What the Introverted Entrepreneur Should Know About Marketing Their Brand

Small Business Meeting

An entrepreneurial drive combined with the social preferences of an introvert can be challenging for some. After all, when it comes to entrepreneurial marketing, it’s required to hold authority like a public figure would. While that’s not impossible for someone who prefers their alone time, it sometimes can feel like an uphill battle. It can be easy to make career mistakes like isolating yourself or stepping back from the limelight, but nonetheless marketing is necessary for businesses.

Introverted entrepreneurs should understand that they have a leg up on extroverted entrepreneurs in some ways. Despite the things they may have to adjust in their personal business transactions, they are able to relate to certain audiences that extroverts may not be privy to. Additionally, the internet offers them a platform to do this more comfortably.

Relating to Introverted Target Markets

If there’s anybody who understands introverts, it’s other introverts. The fact is that some introverts don’t do well with extroverted advances, of which most marketing might feel like. They get uncomfortable because they feel forced out of their shell before they’re ready. This can cause them to not respond well to boisterous marketing efforts — and because of that, it may be best in marketing when introverts reach out to other introverts.

Introverts may have a tendency to show rather than tell — that is, they demonstrate their experience instead of bragging about it. This is because, typically, introverts don’t like to talk themselves up to strangers. However, demonstrating this experience may let their story and knowledge talk for them.

Another marketing advantage that an introverted entrepreneur has is they are less likely to stereotype other introverts. They don’t assume that this audience will not want to be heard, or write them off as rude for acting reserved. They know how to talk to them respectfully and understand them in a way that extroverts may not be able to.

Digital Is Your Best Friend

Because introverts aren’t often as forward or loud with their actions and words, digital marketing is their strongest asset. While it’s a more technical form of marketing, it may feel more organic than talking with someone face to face. They can spend their energy making a message accessible, rather than making it personable.

If you’re choosing to market to other introverts primarily, then using digital tools to create the more accurate marketer profile is a must. This will help you form the perfect idea of who you’re trying to sell to. And if you’re worried about missing extroverts in this marketing, don’t worry — extroverts are still affected and reached by digital marketing. It’s just that the focus of your efforts may be shifted.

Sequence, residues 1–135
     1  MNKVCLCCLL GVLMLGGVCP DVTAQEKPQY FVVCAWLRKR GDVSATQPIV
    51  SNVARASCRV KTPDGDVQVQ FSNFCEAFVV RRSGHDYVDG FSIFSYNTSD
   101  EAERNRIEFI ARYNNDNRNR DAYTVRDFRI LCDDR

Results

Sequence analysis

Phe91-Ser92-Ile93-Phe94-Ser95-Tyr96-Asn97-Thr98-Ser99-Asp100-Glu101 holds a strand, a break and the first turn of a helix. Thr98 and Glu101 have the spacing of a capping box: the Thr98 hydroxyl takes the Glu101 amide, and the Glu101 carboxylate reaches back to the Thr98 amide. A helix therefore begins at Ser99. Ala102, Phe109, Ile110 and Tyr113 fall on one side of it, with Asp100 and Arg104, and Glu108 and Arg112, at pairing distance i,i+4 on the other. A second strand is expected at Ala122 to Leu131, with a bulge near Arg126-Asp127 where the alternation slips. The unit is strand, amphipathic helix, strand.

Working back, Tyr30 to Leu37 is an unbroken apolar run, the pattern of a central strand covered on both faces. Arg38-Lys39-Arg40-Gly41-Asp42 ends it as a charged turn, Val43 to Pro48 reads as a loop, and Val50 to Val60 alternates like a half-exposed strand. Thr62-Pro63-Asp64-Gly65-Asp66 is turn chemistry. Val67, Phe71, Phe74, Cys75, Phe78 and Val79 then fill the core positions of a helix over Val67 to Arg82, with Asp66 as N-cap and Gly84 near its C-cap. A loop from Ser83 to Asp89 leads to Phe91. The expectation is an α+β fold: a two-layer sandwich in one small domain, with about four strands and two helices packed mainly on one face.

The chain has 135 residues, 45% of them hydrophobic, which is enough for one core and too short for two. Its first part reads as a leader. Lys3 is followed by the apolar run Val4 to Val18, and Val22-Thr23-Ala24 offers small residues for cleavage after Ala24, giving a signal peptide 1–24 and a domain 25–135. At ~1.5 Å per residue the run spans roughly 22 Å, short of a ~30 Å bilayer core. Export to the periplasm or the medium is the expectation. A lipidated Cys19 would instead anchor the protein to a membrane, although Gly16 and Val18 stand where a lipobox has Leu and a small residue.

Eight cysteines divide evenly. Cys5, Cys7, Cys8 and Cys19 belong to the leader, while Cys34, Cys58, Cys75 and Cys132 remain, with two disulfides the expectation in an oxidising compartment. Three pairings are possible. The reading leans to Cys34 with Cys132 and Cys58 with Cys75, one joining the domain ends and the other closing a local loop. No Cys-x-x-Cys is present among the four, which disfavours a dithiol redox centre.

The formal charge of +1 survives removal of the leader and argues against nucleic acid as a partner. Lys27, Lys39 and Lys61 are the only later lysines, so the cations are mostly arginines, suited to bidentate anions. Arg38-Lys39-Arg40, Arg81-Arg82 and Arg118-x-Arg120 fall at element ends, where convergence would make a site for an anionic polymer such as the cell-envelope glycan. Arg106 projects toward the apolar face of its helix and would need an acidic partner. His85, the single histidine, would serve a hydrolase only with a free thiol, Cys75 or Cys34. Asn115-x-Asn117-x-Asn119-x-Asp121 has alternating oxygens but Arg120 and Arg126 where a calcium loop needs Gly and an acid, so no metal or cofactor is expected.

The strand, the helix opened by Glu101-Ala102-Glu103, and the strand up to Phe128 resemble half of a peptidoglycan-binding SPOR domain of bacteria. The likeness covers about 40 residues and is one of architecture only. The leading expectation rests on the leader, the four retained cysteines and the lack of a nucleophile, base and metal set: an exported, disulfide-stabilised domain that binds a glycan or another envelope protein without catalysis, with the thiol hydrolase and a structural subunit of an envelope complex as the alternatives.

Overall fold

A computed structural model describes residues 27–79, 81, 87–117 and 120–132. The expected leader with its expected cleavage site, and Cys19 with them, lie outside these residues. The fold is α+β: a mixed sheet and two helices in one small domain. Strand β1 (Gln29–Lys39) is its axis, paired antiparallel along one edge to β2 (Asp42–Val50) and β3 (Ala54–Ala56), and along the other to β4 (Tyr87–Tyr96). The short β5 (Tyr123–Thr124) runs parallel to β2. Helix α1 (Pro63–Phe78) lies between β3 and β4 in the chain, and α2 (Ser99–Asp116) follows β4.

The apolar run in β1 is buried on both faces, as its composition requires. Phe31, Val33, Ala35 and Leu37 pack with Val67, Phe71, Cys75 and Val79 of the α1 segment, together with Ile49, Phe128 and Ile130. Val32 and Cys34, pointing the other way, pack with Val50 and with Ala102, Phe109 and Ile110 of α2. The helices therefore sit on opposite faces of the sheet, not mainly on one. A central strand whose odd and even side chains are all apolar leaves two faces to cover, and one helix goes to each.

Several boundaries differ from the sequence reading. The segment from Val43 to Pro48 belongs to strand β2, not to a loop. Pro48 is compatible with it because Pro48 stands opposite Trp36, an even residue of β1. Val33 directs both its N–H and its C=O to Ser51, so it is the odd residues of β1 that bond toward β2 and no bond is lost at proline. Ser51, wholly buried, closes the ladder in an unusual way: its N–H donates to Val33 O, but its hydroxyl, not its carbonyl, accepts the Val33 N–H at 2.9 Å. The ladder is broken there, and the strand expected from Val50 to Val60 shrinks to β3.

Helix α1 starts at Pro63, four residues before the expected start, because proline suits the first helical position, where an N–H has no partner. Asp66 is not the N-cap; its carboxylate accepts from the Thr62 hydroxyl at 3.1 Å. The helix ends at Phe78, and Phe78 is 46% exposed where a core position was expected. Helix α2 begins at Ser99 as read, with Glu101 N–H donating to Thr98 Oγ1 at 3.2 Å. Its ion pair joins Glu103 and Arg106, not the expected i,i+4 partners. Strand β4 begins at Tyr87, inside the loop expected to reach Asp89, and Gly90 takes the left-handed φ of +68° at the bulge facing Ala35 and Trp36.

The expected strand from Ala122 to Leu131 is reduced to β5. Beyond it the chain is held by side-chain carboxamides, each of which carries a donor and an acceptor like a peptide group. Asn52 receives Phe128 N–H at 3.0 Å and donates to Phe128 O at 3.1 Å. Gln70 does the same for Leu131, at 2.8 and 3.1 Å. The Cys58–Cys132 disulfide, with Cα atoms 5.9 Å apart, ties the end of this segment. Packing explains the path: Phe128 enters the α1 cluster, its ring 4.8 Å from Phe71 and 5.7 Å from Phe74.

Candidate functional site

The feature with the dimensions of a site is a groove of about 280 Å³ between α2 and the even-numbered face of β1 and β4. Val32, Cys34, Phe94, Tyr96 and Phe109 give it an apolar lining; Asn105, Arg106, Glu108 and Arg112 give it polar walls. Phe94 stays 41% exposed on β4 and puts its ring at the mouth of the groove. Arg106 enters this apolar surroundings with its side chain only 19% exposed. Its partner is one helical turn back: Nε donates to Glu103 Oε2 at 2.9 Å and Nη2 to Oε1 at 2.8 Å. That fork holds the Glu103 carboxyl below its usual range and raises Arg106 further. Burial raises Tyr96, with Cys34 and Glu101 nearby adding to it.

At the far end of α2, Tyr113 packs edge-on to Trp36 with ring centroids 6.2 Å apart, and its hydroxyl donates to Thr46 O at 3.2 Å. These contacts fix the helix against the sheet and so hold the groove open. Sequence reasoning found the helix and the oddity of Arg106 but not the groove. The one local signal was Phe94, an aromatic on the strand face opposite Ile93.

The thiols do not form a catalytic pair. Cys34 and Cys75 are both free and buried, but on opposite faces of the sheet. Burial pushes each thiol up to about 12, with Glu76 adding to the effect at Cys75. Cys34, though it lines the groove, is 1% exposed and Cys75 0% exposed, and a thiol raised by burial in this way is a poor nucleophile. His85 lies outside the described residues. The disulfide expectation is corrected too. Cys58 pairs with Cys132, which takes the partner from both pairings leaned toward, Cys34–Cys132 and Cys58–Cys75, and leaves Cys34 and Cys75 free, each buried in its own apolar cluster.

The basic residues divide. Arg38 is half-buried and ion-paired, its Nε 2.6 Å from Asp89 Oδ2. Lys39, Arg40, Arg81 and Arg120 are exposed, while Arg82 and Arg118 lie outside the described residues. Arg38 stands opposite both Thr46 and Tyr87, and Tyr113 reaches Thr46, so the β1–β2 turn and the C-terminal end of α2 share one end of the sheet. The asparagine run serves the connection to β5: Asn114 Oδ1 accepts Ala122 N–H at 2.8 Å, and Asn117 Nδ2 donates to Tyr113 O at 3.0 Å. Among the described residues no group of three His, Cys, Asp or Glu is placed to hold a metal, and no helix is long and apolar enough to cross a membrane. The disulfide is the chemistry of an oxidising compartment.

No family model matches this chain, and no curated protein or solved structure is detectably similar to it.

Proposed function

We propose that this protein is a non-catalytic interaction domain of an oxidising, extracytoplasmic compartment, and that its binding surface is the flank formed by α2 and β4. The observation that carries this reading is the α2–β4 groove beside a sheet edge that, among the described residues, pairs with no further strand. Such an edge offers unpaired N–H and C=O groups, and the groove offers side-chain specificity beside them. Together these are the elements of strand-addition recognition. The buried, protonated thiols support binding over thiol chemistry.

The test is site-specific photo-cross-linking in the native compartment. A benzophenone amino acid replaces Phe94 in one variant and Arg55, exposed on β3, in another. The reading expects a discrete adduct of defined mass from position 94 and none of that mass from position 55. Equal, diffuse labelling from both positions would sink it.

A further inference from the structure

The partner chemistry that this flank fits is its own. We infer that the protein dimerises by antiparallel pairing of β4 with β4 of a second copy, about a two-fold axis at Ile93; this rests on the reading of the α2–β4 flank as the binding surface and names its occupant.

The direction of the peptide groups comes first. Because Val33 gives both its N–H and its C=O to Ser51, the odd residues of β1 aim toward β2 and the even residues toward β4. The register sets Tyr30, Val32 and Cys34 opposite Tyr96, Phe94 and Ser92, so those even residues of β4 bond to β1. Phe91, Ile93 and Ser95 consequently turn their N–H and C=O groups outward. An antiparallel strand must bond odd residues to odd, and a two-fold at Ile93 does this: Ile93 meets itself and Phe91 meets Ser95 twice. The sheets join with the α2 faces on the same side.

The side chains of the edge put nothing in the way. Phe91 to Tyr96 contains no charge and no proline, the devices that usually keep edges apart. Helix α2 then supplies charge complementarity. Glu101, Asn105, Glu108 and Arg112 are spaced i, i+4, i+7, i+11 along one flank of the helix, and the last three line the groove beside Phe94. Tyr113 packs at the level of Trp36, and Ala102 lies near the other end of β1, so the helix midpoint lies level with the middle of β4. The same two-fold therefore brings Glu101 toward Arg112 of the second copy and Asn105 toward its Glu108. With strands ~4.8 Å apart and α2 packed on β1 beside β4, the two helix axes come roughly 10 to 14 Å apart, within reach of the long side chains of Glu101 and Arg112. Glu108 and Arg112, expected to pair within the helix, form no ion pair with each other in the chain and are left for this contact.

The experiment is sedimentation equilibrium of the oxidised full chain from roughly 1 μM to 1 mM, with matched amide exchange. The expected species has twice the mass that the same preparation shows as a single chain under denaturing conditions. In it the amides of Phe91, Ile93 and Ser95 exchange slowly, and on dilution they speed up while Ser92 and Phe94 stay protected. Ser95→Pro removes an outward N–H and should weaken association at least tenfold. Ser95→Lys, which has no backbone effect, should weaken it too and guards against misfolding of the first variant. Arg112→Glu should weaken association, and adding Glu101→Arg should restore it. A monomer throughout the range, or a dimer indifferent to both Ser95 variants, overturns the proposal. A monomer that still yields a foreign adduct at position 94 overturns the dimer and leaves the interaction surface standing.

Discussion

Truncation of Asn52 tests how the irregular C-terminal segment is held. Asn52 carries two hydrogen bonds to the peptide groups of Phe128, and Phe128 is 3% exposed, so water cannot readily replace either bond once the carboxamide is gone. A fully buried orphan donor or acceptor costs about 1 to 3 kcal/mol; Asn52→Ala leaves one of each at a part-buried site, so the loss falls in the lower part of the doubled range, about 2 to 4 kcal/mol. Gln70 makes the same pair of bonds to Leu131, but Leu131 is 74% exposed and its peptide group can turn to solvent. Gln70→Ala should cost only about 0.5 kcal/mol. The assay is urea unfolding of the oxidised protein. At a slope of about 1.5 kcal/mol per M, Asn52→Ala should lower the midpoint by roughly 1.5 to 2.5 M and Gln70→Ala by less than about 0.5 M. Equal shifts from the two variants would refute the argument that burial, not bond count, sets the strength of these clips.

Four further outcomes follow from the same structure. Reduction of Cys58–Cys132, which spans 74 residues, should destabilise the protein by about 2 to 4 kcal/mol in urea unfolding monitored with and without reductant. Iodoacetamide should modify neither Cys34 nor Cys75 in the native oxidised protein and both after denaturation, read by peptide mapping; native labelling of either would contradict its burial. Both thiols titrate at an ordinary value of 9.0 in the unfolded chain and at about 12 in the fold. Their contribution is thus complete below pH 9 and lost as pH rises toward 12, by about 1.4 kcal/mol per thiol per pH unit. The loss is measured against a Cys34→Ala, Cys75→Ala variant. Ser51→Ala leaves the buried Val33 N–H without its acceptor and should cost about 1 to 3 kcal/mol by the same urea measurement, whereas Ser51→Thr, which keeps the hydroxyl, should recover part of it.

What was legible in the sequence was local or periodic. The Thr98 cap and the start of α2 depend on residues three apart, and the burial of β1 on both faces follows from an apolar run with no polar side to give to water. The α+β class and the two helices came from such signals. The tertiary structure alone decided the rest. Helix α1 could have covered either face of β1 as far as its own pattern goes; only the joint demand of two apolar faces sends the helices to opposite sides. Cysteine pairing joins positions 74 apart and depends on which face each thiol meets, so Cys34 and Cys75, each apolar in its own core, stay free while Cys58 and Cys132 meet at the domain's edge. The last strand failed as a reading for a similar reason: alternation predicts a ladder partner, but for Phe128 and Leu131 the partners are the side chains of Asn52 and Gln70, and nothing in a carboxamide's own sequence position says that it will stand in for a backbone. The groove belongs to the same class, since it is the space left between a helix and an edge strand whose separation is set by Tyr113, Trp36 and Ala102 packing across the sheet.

However, digital marketing is an ever-changing process that requires paying attention to trends and facing challenges head-on. It requires immersing oneself in new technology, utilizing content, and personalizing your relationships with other customers via social media. Luckily, that personalization may come naturally to you if you’re not comfortable with new in-person meetings!

You Will Have to Navigate In-Person Communications

Even with your introverted strengths, running a business does require in-person communication skills. Some introverts may need to learn how to be personable. Impersonal entrepreneurs have built reputations for being cold, standoff-ish, or distant, therefore hurting their success. To ensure this doesn’t happen to you, it may require leaving your comfort zone a little bit.

Therefore, there are two things you’ll have to pay extra attention to.

  • Body Language: the nonverbal parts of your demeanor are very important to how you are perceived and go a long way toward building respect from individuals. Maintain eye contact, nod to show that you’re listening, and use your actions to help in explanations (i.e. move your hands).
  • Tone of Voice: it’s been proven that customers prefer a casual tone of voice when speaking with them. They want to be treated as peers. On the other hand, it’s still wise to  know your audience, especially when cutting a business deal. Do they act formal or casual? Cater yourself to that.

This may require some training, because generally, it’s not something that people think about. But it can make or break a new customer. Body language can make people feel heard, welcome, and like you’re taking an interest in them. Your tone of voice can speak over the words you use. While you may never be boisterous, you are still able to take control of a conversation.

If you’re able to become that person in the situations you need to, the rest will be a piece of cake. With digital marketing, you have ample time to be productive while you recharge after socially stressful interactions. And of course, relating to other introverted customers will come naturally. These are necessary traits. Thankfully, they’re traits that introverts do best.

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Paul Tomaszewski is a science & tech writer as well as a programmer and entrepreneur. He is the founder and editor-in-chief of CosmoBC. He has a degree in computer science from John Abbott College, a bachelor's degree in technology from the Memorial University of Newfoundland, and completed some business and economics classes at Concordia University in Montreal. While in college he was the vice-president of the Astronomy Club. In his spare time he is an amateur astronomer and enjoys reading or watching science-fiction. You can follow him on LinkedIn and Twitter.

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